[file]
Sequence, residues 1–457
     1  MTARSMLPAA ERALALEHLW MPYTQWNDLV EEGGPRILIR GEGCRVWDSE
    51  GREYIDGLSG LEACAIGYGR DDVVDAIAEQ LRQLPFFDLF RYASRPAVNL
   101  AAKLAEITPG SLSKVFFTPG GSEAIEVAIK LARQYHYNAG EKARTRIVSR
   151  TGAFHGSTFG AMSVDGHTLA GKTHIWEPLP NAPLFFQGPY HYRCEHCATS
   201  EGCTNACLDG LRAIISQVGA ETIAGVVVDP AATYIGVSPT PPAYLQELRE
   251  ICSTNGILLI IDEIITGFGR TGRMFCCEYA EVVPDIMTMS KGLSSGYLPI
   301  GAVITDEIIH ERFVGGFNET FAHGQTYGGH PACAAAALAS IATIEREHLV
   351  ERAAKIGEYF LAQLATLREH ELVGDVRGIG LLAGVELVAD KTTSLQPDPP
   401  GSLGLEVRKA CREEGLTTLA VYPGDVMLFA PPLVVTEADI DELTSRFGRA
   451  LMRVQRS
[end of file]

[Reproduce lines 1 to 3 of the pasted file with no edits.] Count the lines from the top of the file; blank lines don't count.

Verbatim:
Sequence, residues 1–457
     1  MTARSMLPAA ERALALEHLW MPYTQWNDLV EEGGPRILIR GEGCRVWDSE
    51  GREYIDGLSG LEACAIGYGR DDVVDAIAEQ LRQLPFFDLF RYASRPAVNL